What's wrong with the OS LA series?

There is absolutely NOTHING wrong with LA engines. They are sturdy, reliable, user friendly engines. They are not powerhouses so while they are excellent for trainers they are not the engine choice for anyone wanting speed or acrobatics. I learned to fly glow with an OS .46LA. My father flies his LT-40 around with an OS .40LA. He flew his Scooter with an OS .10LA. All those engines ran great right out of the box. The thing about the LA series engines is that they dont have the power of a ball bearing engine such as the FX series. They are not meant to. Other than that, there is nothing wrong with them.
Reply to
Fubar of The HillPeople
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Precisely. You trade off ultimate top end power for the ease of tuning that comes from a small carb orifice.
Its always easier to set up a low tune engine.
Reply to
The Natural Philosopher
Most of my engines are OS LA's...
Venture 60 / .65 sized Mid West Hots II, .40 sized Butterfly, .25 sized
The Venture will do steep climb outs (almost vertical).... the Hots II the same. And the Butterfly.... well, it is a Butterfly.
All engines have many trouble-free hours on them... they start easily and run well....
I also have a Thunder Tiger .91 4-cycle that runs very strong. I mention this because in my club there are 3 and the joke has become: "at least there in one that runs good".
My brother has bought Tower engines and some others (super tiger I think) and he is happy with them..... my thinking is most engines these days run well....... except my .52 magnum which has never had any discernable compression.... it is so bad the compression stroke is hardly recognizable...
If I bought something that came with a proper sized OS LA it would be like buying an old friend... . Arne, USA . .
Reply to
Arne
It was the first engine I ever ran where the backplate unscrewed itself and was hanging loose after a flight. One of the screws was completely missing, the others very loose. To their credit OS replaced the screws gratis.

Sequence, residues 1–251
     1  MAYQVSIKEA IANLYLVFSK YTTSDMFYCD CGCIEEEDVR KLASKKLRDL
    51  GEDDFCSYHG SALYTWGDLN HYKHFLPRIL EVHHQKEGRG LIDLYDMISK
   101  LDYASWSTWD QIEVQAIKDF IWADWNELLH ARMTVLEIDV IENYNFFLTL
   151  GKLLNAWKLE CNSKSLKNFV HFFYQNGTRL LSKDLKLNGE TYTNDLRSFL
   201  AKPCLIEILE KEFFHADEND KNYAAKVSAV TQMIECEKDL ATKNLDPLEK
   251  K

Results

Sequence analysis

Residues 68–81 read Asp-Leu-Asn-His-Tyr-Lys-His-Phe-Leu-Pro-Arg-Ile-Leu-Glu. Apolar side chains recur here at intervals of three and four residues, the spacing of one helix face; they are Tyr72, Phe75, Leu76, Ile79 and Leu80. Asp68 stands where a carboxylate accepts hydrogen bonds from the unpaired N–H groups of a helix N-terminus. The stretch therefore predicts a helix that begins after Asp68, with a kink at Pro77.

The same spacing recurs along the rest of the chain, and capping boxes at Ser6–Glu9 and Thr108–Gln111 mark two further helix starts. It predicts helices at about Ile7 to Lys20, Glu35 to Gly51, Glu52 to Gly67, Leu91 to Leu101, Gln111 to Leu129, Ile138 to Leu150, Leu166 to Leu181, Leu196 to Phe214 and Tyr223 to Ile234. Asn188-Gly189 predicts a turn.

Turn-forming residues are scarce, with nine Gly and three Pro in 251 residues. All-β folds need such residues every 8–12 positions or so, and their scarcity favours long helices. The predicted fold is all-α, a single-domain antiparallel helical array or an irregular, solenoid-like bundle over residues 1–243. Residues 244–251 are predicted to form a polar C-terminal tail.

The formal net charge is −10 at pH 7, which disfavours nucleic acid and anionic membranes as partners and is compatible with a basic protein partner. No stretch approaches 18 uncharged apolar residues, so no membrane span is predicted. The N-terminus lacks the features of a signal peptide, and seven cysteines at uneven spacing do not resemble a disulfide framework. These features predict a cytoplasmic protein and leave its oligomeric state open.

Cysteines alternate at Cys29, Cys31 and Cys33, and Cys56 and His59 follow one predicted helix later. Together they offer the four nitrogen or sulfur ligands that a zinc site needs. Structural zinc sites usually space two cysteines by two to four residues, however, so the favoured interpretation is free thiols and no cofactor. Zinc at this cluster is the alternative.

A bit hard to start, but not too bad.
I find the remote needle (not specific to the LA) a chore to deal with in tuning. I like angled needle valves better as a safety feature.
Greg
Reply to
Greg Forestieri
Nothing really. I used the .46 LA in my trainer some four years ago when I returned to the sport. It survived me re-learning with all that goes with it. It is still going as is the trainer now it trains others and the engine still produces everything necessary including limited aerobatics when.
If you want out and out power then the LA series is not what you want. If you want reliability and very little fiddling around with the engine then it is pretty good. That precisely why they are mostly used to train new pilots. Yes they are basic but basic is good when you are learning. I'd rather learn on an LA than an Irvine say. Too much messing around.
Like everything else it depends what you are going to do.
David.
"Mike Szewczyk hcgi.com>" Almost everyone I speak to about getting my first plane qualifies the O.S.
Reply to
David Wolper
Actually it's the other way round so long as the correct amount and type of oil is used and this means 20-22% and preferably at least half being castor. Do this and you'll probably never wear out the bush while everyone else is continually putting in new bearings.
The "rattle" at low throttle is normal for all plain bushed engines because there are no ball races to lock the crankshaft longitudinally. This rattle goes away when prop thrust overcomes the tendency to move backwards.
Reply to
Brian Hampton
I would never have guessed that correctly.
Reply to
Douglas Kaip
Good piece of information.... thank you... I've wondered about it, but figured something on the plane was loose and rattling.. (I have 4 OS LA engines; not because they are the best, but because I've never had a single problem with them, I just kept buying them). . Arne, USA . .
Reply to
Arne